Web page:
Women Take Center Stage

Young women of the Judicial Stage program’s 2011 graduating class will enter a workforce where only eight percent of the country
Young women of the Judicial Stage program’s 2011 graduating class will enter a workforce where only eight percent of the country’s judges are women.
USAID/RLS-F
Women students excelled at Afghanistan’s judicial training program
22 AUGUST 2011 | KABUL, AFGHANISTAN
 
As a result of war and government instability, judicial training has been sporadic and largely inaccessible to women, with only 26 classes graduating over the 43-year history of the country’s Judicial Stage program. With USAID assistance, in May 2011, 140 students graduated from the Supreme Court’s Judicial Stage program, qualifying them to work as judges in courts throughout Afghanistan. As a whole, the 24 women in this year’s graduating class performed exceptionally well, taking nine of the top ten class positions.
 
First established by the Supreme Court in 1968, the Judicial Stage program has operated for 26 years providing advanced courses and practicums for graduates seeking to become judges and is modeled on the French system of judicial training. In 2010, the Judicial Stage program was expanded from a one to two-years in order to provide increased substantive training and practical skills to its graduates.
 
This year’s top student and commencement ceremony speaker Nafisa Abdul Ali, who is awaiting news of her judicial placement, recounts, "In school, we studied many legal subjects, but never practically. With the Stage program, we learned not just what civil procedure laws are, but also how to apply them. For instance, the provisions of the civil code are especially difficult to understand. Thanks to the training materials of the Stage program, it became clear how provisions of the civil code are interpreted in various cases. This is an essential understanding for me to have as a judge."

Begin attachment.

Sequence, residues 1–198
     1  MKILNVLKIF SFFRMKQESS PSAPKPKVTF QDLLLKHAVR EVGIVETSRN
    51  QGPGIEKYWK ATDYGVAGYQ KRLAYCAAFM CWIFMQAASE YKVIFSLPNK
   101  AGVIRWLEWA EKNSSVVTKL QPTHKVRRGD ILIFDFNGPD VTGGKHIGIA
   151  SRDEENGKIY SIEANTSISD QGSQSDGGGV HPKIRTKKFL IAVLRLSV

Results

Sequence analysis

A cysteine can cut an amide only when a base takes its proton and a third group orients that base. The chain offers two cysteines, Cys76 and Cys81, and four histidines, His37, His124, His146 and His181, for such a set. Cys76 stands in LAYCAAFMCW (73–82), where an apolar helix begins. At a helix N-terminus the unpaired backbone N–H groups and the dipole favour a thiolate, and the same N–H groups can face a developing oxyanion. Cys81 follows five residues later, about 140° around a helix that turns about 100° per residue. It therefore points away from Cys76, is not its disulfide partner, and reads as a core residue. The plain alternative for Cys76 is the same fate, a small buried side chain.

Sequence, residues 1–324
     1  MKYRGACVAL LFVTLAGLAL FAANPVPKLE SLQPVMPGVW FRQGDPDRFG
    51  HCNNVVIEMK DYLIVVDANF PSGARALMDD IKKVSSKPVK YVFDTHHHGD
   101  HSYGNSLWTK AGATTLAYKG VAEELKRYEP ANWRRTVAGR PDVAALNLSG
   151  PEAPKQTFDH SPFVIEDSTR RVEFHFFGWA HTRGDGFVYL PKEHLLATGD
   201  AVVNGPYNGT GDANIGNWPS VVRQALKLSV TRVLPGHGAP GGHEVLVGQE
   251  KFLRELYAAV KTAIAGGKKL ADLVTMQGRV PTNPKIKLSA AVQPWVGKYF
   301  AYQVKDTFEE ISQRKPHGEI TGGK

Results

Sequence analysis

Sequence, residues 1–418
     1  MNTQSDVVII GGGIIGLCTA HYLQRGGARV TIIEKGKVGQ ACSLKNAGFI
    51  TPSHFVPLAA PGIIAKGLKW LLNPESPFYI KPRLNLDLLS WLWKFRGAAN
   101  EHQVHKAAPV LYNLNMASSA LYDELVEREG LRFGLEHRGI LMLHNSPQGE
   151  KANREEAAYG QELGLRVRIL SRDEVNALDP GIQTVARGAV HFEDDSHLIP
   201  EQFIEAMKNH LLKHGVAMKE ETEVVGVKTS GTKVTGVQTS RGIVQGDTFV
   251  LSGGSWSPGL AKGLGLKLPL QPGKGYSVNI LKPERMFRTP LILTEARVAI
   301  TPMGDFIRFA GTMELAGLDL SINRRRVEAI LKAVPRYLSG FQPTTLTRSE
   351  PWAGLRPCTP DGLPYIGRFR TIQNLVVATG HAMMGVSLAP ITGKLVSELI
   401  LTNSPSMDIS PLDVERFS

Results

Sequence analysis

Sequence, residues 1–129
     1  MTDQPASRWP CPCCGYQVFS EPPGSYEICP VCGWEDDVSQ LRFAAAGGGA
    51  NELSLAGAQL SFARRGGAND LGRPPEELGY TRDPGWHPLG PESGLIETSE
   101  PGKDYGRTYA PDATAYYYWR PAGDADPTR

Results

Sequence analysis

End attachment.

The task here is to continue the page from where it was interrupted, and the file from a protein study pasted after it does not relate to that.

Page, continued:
With the support of USAID, Afghanistan’s judicial training program has seen a 50 percent rise in the number of applications for admission in the past three years, showing an increased interest in and respect for formal justice institutions among young graduates from university law and shari’a faculties and madrassas.
 
Though only eight percent of judges are female in Afghanistan’s male-dominated judiciary, women now make up more than 20 percent of current Judicial Stage students. USAID assistance for increasing women’s enrollment in the Judicial Stage program helps to foster equality and diversity in the judicial system and works to expand the cadre of women who are ready to serve in courts throughout Afghanistan.

Last updated: January 07, 2014

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